An engineer who sued after he nearly died more than three years ago, when he fell 38 feet through a glass ceiling at the Rodin Museum, has reached a $7.25 million settlement with the defendants, including the Philadelphia Museum of Art and the museum's security company, lawyers for the man said Tuesday.

The settlement was reached last week in Philadelphia Common Pleas Court before jury selection began, said lawyers Larry Bendesky, David Kwass, and David Langsam, who filed the suit on behalf of Phani Guthula.

On Nov. 26, 2012, Guthula, then 27 and working as an engineer for ICF International, was inspecting lighting fixtures in the museum when he fell.

The suit contends that the Art Museum, which administers the Rodin Museum, and its security company, AlliedBarton Security Services, failed to protect him from harm when he stepped onto the unprotected glass floor.

Guthula, who at the time lived in North Wales, Montgomery County, suffered femur, hip, pelvic, rib, and elbow fractures and other traumatic injuries, his attorneys said. He was hospitalized for more than 45 days, and requires intensive ongoing medical care.

At the time, the Rodin had recently completed a $9 million renovation. Guthula was conducting an energy audit of the building, which had applied for an energy rebate with Peco.

While conducting the audit, an AlliedBarton security guard gave Guthula access to the museum's attic area, the lawsuit said. Guthula was required to inspect light fixtures located above a glass-paneled surface, and the guard told him he could step onto the glass. He soon plummeted to the museum floor.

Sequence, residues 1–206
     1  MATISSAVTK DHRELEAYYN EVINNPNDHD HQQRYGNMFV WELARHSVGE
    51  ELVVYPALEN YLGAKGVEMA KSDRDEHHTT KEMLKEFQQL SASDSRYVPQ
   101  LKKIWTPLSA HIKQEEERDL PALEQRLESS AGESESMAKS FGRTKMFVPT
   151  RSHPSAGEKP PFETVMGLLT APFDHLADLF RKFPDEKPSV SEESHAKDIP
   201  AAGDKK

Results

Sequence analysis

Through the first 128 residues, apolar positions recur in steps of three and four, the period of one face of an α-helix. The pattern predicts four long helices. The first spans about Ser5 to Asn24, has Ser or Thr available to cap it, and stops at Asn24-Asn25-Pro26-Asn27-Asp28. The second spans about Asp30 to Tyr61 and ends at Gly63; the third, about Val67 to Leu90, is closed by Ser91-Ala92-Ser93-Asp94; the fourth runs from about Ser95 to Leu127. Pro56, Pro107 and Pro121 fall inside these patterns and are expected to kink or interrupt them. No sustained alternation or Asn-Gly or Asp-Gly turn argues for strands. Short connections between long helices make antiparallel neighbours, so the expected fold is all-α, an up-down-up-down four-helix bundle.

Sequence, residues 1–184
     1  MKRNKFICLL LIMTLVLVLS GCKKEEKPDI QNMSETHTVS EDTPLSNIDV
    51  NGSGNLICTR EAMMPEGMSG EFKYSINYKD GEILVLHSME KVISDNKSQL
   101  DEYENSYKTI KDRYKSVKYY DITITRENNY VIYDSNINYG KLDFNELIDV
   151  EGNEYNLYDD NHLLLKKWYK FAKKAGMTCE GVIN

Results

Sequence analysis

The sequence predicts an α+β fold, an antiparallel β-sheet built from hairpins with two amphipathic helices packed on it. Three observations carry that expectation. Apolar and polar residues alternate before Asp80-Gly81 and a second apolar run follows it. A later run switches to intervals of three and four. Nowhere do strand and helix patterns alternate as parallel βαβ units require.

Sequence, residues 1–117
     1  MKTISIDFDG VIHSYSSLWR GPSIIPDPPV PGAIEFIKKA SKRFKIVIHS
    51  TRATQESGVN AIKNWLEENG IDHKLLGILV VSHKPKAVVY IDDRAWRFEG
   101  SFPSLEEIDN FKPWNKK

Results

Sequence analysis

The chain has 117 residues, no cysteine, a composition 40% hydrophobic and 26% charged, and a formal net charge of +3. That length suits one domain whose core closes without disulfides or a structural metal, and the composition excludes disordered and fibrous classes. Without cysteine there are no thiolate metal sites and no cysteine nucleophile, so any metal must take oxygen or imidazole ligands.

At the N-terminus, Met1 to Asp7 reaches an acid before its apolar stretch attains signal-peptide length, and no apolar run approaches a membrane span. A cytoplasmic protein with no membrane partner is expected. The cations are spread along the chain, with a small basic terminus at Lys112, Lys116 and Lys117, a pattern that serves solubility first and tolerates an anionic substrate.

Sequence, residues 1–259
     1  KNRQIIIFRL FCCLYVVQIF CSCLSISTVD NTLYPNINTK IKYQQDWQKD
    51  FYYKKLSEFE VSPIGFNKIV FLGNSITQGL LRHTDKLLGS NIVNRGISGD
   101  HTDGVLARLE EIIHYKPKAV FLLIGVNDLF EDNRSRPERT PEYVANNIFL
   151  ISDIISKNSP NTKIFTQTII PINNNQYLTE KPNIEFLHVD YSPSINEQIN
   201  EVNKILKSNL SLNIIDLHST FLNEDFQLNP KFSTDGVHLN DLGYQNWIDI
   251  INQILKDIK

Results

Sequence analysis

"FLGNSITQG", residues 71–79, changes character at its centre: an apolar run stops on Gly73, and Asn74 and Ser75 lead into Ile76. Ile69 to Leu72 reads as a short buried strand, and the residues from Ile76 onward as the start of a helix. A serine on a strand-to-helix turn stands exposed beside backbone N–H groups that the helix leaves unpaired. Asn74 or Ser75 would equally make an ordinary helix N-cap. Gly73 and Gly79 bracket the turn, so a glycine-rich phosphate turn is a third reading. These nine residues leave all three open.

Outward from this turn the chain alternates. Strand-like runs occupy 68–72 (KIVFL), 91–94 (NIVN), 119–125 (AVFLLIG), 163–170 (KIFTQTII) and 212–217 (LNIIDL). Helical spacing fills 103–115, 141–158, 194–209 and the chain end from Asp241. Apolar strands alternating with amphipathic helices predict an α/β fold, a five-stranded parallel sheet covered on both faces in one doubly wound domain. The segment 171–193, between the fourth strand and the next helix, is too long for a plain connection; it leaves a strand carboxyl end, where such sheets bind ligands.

Lawyers for the Art Museum and AlliedBarton could not be reached for comment Tuesday.

In a court filing, AlliedBarton said its security guard had never been properly warned about the safety risks by the museum.

Kwass said Guthula might have been out on the glass surface for as long as five minutes before he crashed through.

Guthula has partially recovered, but walks slowly, and suffers from a lack of energy and an inability to concentrate at times, Kwass said.

Guthula is engaged and plans to marry in the coming months, he said.

Norman Keyes, a spokesman for the Art Museum, confirmed in an email Tuesday that the case had settled. He declined to comment further, except to say that the museum "has always adhered to the highest safety standards and complied with all legal requirements regarding safety."

Besides the Art Museum and AlliedBarton, defendants in the suit were L.F. Driscoll, a construction company, and Elliott-Lewis, a maintenance company. Driscoll and Elliott-Lewis had performed construction and maintenance work at the Rodin.

Bendesky, one of Guthula's lawyers, said all defendants except AlliedBarton collectively offered a $2.5 million settlement last week. Then, on Friday, he said, the plaintiff's lawyers settled separately with AlliedBarton for $4.75 million.


Staff writer Chris Mondics contributed to this article.